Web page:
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Tag >> TARP
Jul 01
2010

Companies sitting on still more cash

Posted by Ron F in TaxTARPrecoveryrecessioneconomydemanddefaultconsumer spendingCongress, cash management, cash concernsCashCarmen ReinhartCareers/Managementcapital expenditurescapexBanks

Ron F

A survey released today by the Association of Financial Professionals will do nothing to dampen the austerity versus stimulus debate.

To wit: Forty-three percent of US corporations had larger US cash and short-term investment holdings this May than they did six months earlier. Only 24 percent of respondents reported that their short-term holdings had shrunk during the past six months.

Jun 23
2010

Letting Geithner off easy on the TARP

Posted by Ron F in Timothy GeithnerTARPObama Administrationfinancial market reformfinancial crisisCongressoinal Oversight PanelcomplianceBanksbanking reformBankingbailouts

Ron F

Tim Geithner once again says taxpayers are getting a good return on the funds they provided banks through the Troubled Asset Relief Program.

And his line about 75 percent of the money being repaid may be true enough. It may even reflect this uncomfortable fact.

Apr 29
2010

Geithner may be getting more religion on banks

Posted by Ron F in Timothy GeithnerTaxTARPRiskRegulationObama AdministrationGoldman Sachsfinancial crisisCongresscomplianceChristopher DoddBanksbanking reformbank failuresbailouts

Ron F

Lost in the hubbub over the end of the GOP filibuster of bank reform and Goldman Sachs' role in the crisis that spawned the need for it is the news that Tim Geithner's spine has stiffened on what exactly to do. Or at least that's how I read this Times article.

I'm talking about Geithner's position on the so-called bank tax. Several months ago, he threw cold water on the idea of a special levy on banks, despite pressure for such a tax from his European counterparts.

Apr 08
2010

The partial re-education of Robert Rubin

Posted by Ron F in Volcker RuleTARPRegulationPaul VolckerGoldman SachsGlass Steagall Actfinancial crisisderivativesCongressCitigroupBanksbanking reformBankingbank failuresbailoutsAlan Greenspan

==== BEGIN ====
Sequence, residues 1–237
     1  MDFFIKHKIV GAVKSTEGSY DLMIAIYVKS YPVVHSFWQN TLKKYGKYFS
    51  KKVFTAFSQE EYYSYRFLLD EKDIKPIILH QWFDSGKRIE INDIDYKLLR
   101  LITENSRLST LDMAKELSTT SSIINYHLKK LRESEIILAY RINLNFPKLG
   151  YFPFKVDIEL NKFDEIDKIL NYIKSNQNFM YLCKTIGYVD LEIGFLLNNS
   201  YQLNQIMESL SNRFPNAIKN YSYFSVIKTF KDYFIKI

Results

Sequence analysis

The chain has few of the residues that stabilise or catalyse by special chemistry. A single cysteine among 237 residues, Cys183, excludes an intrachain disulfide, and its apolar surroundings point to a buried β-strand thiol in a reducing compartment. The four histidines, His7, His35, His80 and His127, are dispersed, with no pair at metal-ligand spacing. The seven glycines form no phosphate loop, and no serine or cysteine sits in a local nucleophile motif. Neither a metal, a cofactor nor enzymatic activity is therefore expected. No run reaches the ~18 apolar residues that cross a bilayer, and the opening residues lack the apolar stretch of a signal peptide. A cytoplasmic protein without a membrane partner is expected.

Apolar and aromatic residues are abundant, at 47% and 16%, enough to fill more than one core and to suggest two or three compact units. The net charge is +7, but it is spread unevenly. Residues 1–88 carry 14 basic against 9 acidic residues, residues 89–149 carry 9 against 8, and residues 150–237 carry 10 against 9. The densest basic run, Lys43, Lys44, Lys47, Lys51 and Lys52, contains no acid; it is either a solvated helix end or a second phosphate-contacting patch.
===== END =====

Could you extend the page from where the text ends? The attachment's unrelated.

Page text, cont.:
Ron F

Better late than never, I suppose. But Big Bob Rubin has apparently had a change of heart as to the virtues of financial deregulation.

Appearing before the Financial Crisis Inquiry Commission today with former Citigroup CEO Charles Prince in his capacity as former vice chairman of the bailed out bank, Rubin expressed much different sentiments about the need to prevent banks from becoming too big to fail and derivatives from adding untold amounts of undetectable leverage to the financial system than he did when he was President Clinton's deregulator in chief.

Apr 06
2010

TARP profits may be overstated

Posted by mcole in treasuryTARPRiskDealsBanks

mcole

Banks' repayments of TARP preferred stock and warrants are turning a profit for the US Treasury, but taxpayers are still supporting financial institutions in many other ways.

As of March 30, the government earned an 8.5 percent annualized return on the funds that it supplied to 49 companies that have exited the Capital Purchase Program and the Target Investment Program, according to an analysis by SNL Financial.

Feb 03
2010

A novel idea: Selling assets to pay off TARP funds

Posted by MQuinn in too big to failTARPshareholdersfinancial crisisequitydivestituresDealsBanks

MQuinn